JIS News

Education, Youth and Culture Minister, Maxine Henry-Wilson, has unveiled a number of initiatives to improve and enhance the delivery of education, some of which will take effect from as early as March 2005.
Speaking at a press briefing at Jamaica House yesterday (Dec. 15) to reveal the recommendations of the Education Task Force, she said within the next three months there would be: diagnostic testing of students to ascertain and apply a remediation programme in literacy skills; development and execution of a citizen education programme to tackle anti-social behaviour; development of the implementation plan and a framework of operation as well as enabling closer and more systematic supervision of the school system.
Meanwhile, come September 2005, parents and students can expect significant changes in their teaching and learning environments with special emphasis on the upgrading and refurbishing of school facilities.
The Education Minister noted however, that while significant impact was expected in the short run, the far-reaching effects could not be gauged until the transformation process was fully implemented, the date of which is set for March 2007.
Outlining other short and medium term changes, Mrs. Henry Wilson said that by March, a comprehensive programme for the preparation of all board members in the new governance requirements would begin, while secondary and primary school principals would be trained in leadership and management.
She told journalists that already, a performance management and appraisal system developed in accordance with the guidelines of the Public Sector Modernisation Programme, was being introduced in the Ministry and would be put into operation by April 2005.
Also in the medium term (April 2005), it is expected that school management teams will assume greater responsibility for the management of teaching functions, Regional Education Authorities (REAs) will be staffed with subject specialists, school boards will be made accountable to REAs, licensing regulations for teachers will be in place and remedial training specialists will be equipped and deployed to REAs.
Furthermore, training of principals in curriculum implementation will continue, while the rationalization of school plants and facilities will begin. Additionally, consideration will be given to extending the school experience from 11-13 years.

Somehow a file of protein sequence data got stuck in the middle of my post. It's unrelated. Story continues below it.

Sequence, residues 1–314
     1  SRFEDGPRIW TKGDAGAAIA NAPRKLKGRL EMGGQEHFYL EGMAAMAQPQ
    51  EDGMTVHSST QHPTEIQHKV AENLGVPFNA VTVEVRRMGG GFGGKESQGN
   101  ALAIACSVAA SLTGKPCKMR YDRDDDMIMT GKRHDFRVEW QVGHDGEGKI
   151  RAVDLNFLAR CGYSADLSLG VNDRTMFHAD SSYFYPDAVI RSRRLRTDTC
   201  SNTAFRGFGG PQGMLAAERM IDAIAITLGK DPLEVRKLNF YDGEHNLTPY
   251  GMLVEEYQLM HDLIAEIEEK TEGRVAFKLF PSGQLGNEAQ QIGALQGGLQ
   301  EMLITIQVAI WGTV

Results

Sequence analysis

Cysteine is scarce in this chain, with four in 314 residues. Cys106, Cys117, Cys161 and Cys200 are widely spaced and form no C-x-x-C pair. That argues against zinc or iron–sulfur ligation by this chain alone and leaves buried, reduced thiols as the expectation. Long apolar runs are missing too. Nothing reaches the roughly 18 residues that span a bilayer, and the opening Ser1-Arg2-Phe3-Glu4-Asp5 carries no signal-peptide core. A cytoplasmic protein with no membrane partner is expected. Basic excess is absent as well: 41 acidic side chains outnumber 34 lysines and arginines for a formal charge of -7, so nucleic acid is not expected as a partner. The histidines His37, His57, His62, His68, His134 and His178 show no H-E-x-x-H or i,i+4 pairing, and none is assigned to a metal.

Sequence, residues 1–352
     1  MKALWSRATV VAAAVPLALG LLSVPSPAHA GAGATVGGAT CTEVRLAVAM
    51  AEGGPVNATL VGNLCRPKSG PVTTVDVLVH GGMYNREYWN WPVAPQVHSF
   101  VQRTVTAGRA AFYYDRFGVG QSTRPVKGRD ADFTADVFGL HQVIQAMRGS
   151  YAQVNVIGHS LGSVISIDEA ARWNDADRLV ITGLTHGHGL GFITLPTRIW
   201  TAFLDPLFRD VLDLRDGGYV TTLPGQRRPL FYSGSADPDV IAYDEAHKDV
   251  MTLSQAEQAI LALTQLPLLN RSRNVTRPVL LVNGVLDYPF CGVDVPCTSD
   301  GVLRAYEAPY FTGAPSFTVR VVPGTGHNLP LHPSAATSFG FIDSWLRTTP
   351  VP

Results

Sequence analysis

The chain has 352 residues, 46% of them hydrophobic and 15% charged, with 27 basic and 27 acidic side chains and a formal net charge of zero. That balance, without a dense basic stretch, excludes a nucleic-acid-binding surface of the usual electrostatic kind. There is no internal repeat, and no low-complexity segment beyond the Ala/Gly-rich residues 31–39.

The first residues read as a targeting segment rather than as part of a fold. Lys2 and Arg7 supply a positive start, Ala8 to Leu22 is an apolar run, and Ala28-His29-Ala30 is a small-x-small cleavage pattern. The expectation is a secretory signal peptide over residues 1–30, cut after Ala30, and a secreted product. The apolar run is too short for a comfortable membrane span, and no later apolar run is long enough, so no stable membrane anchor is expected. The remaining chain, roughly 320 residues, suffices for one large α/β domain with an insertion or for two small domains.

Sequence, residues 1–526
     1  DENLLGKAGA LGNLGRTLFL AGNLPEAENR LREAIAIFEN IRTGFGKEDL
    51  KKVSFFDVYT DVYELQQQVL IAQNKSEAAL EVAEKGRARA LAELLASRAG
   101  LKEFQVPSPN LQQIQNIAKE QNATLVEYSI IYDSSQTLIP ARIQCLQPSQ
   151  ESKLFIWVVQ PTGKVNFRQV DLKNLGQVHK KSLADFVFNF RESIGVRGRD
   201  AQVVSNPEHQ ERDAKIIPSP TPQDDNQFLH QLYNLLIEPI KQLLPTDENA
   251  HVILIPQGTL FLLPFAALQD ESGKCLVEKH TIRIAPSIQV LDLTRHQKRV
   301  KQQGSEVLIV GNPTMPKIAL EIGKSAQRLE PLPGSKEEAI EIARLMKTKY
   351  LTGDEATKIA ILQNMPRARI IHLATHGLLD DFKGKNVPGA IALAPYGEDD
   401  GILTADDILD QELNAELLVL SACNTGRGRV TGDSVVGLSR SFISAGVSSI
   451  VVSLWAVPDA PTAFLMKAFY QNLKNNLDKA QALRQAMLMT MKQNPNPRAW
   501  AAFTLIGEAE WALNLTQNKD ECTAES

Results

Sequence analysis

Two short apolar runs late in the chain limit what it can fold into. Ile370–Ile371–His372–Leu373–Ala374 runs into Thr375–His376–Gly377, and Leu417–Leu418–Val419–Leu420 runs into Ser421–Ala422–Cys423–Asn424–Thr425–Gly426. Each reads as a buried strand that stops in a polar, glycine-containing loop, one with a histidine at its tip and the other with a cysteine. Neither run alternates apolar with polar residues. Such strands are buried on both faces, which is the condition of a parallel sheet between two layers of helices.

Minister Henry Wilson said legislative changes would have to be made to facilitate recommendations regarding organizational restructuring at the central ministry level, changes in the terms and conditions of teachers’ employment, the establishment of regional educational authorities and a national quality assurance authority as well as a performance management and appraisal system.
As such, she indicated, the revision of the Draft Education Regulations would be fast tracked to meet an April 2005 deadline. In the meantime, agencies would be given interim enabling powers by Cabinet.
Meanwhile, the Education Minister said that separate reviews would be undertaken of the early childhood and tertiary sectors based on their importance in the education process. In the meantime, the Early Childhood Act is scheduled to be laid before Parliament early next year and a strategic plan is being developed for tertiary education.
She said the changes, while significant, were not meant to be a panacea for the education system but represented a move toward greater efficiency, accountability and performance of the system, which will require the collective resolve of all partners and stakeholders.
“Next year, when we get CXC (Caribbean Examination Council) results, we cannot expect that you are going to see a quantum leap because there are still other things that need to be done,” she underscored. On the matter of funding, Minister Henry Wilson said other extra budgetary sources were being looked at to meet the financing requirements. The government currently provides $30.2 billion annually for funding education and with the initiatives proposed by the taskforce an additional $22 billion annually for the next two years is expected. Prime Minister Patterson has appointed a committee to investigate and evaluate new funding sources.
In February 2004, Prime Minister Patterson appointed a 14-member Task Force on Educational Reform to prepare and present an action plan consistent with a vision for the creation of a world class education system which will generate the human capital and produce the necessary skills necessary for Jamaican citizens to compete in the global economy.
The education system caters to approximately 800,000 students in public and private institutions at the early childhood, primary and secondary and tertiary levels.

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